“Go ask Prince,” Clapton said.

Joe Boyle is the editor of The Reporter. He can be reached at This email address is being protected from spambots. You need JavaScript enabled to view it. .

Air traffic controllers strike reference adds to tension

  • Written by Joe Boyle

The verbal assaults continue between Gov. Rauner and House Speaker Michael Madigan (D-22nd) while the budget stalemate goes on and on. But something was said last week that caught my eye.

In one published report, Rauner commented after Madigan complained about his tactics. The governor told Republicans at a dinner that he apologizes about the rough times everyone has gone through.

“If we have to do what Ronald Reagan did with the air traffic controllers… And we sort of have to do a do-over and shut things down for a little while, it’s what we’re going to do.”

Really? Now, this is what this is coming down to? We are going to revisit the air traffic controllers strike during the Reagan administration? How serious is Rauner about governing for all the people in the state of Illinois?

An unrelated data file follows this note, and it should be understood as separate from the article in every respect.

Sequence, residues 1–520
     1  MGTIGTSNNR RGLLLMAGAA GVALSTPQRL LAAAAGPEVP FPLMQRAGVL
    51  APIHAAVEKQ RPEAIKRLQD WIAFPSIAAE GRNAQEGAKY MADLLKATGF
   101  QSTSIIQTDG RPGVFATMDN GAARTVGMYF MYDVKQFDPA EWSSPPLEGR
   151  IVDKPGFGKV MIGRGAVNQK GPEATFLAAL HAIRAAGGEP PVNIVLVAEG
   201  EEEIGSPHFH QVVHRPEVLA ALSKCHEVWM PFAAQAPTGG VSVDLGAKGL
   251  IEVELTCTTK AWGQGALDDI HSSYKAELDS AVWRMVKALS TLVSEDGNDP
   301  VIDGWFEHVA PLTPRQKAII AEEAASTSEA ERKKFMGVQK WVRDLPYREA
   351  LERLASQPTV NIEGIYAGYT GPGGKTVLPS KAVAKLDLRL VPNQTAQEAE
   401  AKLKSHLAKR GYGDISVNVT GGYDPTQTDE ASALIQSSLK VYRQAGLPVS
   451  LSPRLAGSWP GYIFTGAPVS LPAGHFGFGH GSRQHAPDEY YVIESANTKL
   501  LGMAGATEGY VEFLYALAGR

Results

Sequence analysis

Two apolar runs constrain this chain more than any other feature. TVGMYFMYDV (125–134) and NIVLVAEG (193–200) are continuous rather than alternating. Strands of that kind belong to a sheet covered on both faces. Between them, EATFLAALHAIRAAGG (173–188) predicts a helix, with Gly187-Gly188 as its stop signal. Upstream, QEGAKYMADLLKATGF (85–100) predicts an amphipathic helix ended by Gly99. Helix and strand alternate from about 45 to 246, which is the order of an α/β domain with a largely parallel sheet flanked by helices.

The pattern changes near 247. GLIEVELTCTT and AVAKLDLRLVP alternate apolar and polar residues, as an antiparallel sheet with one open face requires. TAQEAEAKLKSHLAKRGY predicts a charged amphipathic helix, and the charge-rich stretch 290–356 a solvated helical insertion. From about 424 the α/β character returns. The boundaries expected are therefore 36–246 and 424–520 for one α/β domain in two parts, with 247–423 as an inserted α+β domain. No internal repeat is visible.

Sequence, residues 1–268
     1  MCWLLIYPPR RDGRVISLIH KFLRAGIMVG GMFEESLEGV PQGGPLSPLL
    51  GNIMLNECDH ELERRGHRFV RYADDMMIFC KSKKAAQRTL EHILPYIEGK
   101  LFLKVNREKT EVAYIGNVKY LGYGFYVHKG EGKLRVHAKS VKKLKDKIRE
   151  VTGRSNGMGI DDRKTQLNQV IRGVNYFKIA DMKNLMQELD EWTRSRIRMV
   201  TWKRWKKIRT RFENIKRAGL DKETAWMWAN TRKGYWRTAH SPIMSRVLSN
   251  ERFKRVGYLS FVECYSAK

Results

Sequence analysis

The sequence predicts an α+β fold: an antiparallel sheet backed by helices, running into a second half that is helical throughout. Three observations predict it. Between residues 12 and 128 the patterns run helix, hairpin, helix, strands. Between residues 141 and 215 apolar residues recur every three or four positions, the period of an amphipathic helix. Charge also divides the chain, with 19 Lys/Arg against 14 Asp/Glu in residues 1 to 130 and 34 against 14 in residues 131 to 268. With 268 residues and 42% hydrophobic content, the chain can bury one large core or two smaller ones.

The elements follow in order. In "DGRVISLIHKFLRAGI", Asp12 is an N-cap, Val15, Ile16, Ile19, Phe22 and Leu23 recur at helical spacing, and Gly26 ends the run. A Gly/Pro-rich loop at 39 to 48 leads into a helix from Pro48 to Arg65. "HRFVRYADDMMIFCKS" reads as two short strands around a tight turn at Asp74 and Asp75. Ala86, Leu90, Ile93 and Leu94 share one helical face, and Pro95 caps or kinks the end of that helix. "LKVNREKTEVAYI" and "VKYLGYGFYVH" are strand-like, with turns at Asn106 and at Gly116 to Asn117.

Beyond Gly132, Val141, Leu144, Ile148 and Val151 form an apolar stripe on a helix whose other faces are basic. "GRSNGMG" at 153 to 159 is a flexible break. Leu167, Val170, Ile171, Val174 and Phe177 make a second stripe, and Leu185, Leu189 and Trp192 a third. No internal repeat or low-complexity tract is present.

Let’s turn back the clock a few decades. Back in 1981, President Ronald Reagan fired more than 11,000 striking air traffic controllers. The air traffic controllers were fired two days after their union, PATCO, declared a strike. The union demanded a pay raise, a shorter work week, and better working conditions. Some historians have said that this laid the groundwork for today’s assault on labor.

Joseph McCartin, author of “Collision Course: Ronald Reagan, the Air Traffic Controllers, and the Strike That Changed America,” said that the labor force was still seen as a central force in American government back then. Both the Democratic and Republican parties felt that way. Reagan was in the first months of his presidency and was in the process of introducing his revolution. Reagan, according to McCartin, wanted to go before the pre-New Deal era. He wanted to reorganize the relationship between the government and labor movement.

The PATCO strike happened at a time when Reagan felt it was necessary to flex his muscles. When the air controllers went on strike on Aug. 3, he told the strikers to return to work within 48 hours. When they did not comply, he fired them. He later permanently replaced them.